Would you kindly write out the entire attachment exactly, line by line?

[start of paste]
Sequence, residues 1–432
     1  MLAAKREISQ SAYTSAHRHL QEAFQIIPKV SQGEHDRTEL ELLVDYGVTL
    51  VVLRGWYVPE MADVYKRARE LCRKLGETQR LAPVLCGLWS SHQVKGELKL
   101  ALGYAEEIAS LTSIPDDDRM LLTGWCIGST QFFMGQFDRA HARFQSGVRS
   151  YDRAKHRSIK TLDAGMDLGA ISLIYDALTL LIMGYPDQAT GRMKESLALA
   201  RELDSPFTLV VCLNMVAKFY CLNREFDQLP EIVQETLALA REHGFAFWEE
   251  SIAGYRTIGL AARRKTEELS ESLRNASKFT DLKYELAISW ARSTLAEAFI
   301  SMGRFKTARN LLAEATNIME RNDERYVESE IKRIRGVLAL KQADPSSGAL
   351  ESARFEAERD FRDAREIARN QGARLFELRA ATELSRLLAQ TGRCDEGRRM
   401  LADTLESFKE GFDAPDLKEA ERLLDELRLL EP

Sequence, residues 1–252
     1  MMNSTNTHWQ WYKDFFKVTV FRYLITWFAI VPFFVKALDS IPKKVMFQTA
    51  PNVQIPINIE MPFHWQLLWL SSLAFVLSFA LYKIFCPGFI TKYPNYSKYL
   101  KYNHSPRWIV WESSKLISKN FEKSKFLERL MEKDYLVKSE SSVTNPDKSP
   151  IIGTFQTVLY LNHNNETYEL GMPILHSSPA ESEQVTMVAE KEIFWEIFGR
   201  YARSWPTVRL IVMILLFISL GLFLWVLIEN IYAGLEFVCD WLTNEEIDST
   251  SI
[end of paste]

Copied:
Sequence, residues 1–432
     1  MLAAKREISQ SAYTSAHRHL QEAFQIIPKV SQGEHDRTEL ELLVDYGVTL
    51  VVLRGWYVPE MADVYKRARE LCRKLGETQR LAPVLCGLWS SHQVKGELKL
   101  ALGYAEEIAS LTSIPDDDRM LLTGWCIGST QFFMGQFDRA HARFQSGVRS
   151  YDRAKHRSIK TLDAGMDLGA ISLIYDALTL LIMGYPDQAT GRMKESLALA
   201  RELDSPFTLV VCLNMVAKFY CLNREFDQLP EIVQETLALA REHGFAFWEE
   251  SIAGYRTIGL AARRKTEELS ESLRNASKFT DLKYELAISW ARSTLAEAFI
   301  SMGRFKTARN LLAEATNIME RNDERYVESE IKRIRGVLAL KQADPSSGAL
   351  ESARFEAERD FRDAREIARN QGARLFELRA ATELSRLLAQ TGRCDEGRRM
   401  LADTLESFKE GFDAPDLKEA ERLLDELRLL EP

Sequence, residues 1–252
     1  MMNSTNTHWQ WYKDFFKVTV FRYLITWFAI VPFFVKALDS IPKKVMFQTA
    51  PNVQIPINIE MPFHWQLLWL SSLAFVLSFA LYKIFCPGFI TKYPNYSKYL
   101  KYNHSPRWIV WESSKLISKN FEKSKFLERL MEKDYLVKSE SSVTNPDKSP
   151  IIGTFQTVLY LNHNNETYEL GMPILHSSPA ESEQVTMVAE KEIFWEIFGR
   201  YARSWPTVRL IVMILLFISL GLFLWVLIEN IYAGLEFVCD WLTNEEIDST
   251  SI